At a minimum a tough new regulatory environment will slot into place in all countries. These will include new health & occupational safety requirements, income protection and environmental regulations. Income protection will be a major concern in the coming years because Covid related disruptions will not go way tomorrow. My guess is that economic disruptions related to Covid are unlikely to abate for three to five years. (Sri Lanka can kiss goodbye to bikini and beach tourism for the next three years but culture and nature related tourism may revive sooner). Income protection is an idea that is catching on. In some places including some Indian states the government will pick up two-thirds of the salary bill when factories are closed due to Covid induced shutdowns. This can be recommended to our two-thirds besotted regime but the problem is that it is of no help to self-employed (think three-wheeler wallahs) and the informal sector (think itinerant journeymen and kerb-side hawkers).

My topic today however is not these small potatoes abut finance capital. Research in the US has shown that contrary to expectations lockdown did not have a much different impact on the three sectors, services & retail, manufacturing and finance. All three sectors, given their heterogeneous exposures to demand and supply factors, suffered similarly, but for different reasons of course. Banks due to curbs on interest rates and limited borrowing, manufacturing due to factory shut down and itinerant workers and the informal sector were killed by curfew. Both the manufacturing and banking sectors witnessed reduced net portfolio inflows. Fiscal and monetary stimulus – that is exertion by the state to save capitalism – played an important role in attenuating the negative impact of the global shock.

A curious factor in the US is that yield on the Treasury Bond has plunged; the ten-year bond for example it is trading at well below 1% and this underpins interest rates in general. The bond yield falls when folks rush into bonds because they have lost confidence in the future of the investment economy and seek a safe haven. When bond prices rise interest rates fall, driving savers, pensioners and banks into difficulty; it should be attractive for investors but in the prevailing post-2010, and now worse, gloomy scenario the well-heeled borrow to invest in stocks (for asset price inflation) and property (a safe haven) exacerbating wealth inequity. Companies in the US and the UK are not investing in manufacturing or the production economy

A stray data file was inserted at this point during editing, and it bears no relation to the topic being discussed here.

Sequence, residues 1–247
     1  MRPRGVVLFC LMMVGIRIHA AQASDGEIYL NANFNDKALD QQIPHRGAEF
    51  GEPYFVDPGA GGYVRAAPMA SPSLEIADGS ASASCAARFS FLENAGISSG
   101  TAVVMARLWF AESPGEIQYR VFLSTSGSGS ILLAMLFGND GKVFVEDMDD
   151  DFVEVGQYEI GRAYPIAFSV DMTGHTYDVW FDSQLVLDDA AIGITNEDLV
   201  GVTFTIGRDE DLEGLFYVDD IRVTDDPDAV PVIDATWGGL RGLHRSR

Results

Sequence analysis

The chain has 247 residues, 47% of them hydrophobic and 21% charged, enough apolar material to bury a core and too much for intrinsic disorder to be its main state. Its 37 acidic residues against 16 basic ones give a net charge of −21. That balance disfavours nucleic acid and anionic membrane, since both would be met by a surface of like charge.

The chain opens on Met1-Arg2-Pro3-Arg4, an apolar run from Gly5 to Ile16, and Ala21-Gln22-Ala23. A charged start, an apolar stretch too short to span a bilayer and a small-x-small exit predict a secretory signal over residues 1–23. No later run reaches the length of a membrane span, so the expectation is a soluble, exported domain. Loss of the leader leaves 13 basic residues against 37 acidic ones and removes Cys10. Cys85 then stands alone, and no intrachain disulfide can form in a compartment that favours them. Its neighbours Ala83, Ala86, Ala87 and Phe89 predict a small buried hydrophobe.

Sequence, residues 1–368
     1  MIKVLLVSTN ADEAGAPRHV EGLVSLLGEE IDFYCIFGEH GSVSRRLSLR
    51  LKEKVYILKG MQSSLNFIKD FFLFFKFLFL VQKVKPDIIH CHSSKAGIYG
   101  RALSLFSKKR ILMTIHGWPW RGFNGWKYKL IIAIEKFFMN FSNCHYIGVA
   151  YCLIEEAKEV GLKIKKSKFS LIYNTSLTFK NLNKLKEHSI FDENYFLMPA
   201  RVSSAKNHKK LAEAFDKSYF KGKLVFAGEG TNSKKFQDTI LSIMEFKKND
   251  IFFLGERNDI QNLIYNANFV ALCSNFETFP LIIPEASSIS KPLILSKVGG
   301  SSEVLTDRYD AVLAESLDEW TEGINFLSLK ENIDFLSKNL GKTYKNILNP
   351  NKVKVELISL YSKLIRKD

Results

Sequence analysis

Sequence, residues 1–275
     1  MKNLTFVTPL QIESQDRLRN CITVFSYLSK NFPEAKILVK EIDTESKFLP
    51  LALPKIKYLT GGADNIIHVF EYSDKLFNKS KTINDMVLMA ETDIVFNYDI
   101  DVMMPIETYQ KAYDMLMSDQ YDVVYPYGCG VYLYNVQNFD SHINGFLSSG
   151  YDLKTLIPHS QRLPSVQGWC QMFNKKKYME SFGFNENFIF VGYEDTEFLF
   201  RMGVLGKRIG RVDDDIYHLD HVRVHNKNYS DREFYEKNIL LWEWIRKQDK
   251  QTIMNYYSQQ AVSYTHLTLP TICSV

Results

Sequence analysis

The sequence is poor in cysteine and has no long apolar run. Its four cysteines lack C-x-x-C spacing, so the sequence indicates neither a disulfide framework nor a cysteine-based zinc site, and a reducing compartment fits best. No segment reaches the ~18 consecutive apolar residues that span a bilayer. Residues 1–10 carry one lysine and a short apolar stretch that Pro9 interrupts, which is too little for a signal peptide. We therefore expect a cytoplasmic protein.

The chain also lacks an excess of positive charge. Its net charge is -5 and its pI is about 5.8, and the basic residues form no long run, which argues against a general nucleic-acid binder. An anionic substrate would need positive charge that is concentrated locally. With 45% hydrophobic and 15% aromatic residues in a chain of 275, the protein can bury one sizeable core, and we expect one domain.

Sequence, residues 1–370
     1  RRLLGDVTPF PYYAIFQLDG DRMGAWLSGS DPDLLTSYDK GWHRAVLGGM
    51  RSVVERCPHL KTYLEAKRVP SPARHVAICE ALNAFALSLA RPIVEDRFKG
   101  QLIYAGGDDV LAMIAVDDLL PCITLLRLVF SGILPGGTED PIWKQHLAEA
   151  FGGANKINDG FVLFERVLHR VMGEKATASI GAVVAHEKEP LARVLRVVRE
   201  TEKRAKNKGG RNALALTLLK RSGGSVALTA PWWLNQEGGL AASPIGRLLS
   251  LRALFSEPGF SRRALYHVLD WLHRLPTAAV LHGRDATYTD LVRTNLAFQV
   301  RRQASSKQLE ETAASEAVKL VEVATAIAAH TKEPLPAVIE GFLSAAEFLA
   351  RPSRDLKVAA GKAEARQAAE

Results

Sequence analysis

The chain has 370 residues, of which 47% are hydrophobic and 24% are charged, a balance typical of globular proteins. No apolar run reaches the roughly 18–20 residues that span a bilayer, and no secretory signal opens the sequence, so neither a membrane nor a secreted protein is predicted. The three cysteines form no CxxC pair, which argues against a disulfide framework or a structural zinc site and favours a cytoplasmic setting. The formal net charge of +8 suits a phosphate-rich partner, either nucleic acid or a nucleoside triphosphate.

Finance capital is typified by the big banks, hedge and other funds and investment houses and billion-dollar investors. Banks have felt massive effects from the crisis and are not able to play their usual role in getting the economy back on track— they are fearful of providing loans to businesses that have buckled. Banks are taking massive provisions, and offering negative guidance for coming quarters. If the next three years go badly bank capital will fall below CET1, a capital benchmark used as a precautionary means to protect banks from buckling. If the financial system’s plunges liquidity and assets can evaporate quickly in a plunging market.

Hence a major expectation in the coming period is the introduction of stringent new controls on banks and investment houses, that is on finance capital which is playing Ludo with other people’s, money; viz. market money. But in the wake of these changes will also come politically and socially driven adjustments. Demands for the protection of livelihood, that is provision of decent food and adequate housing even when the virus disrupts employment will soon become a mass demand. No government or economic system that is unable to satisfy these needs is likely to survive. True food riots and civil disobedience are not on the horizon, the infection itself makes collective action of this nature very difficult but there are limits to patience and the example of the USA where mass disregard of sensible protection, beginning with an asinine President Trump, could catch on. But governments all over the world are becoming unpopular; Gotabaya backed out of a referendum on certain clauses of 20A because he knows as sure as night follows day that he will lose. The pendulum has swung halfway back and Covid gets much of the credit.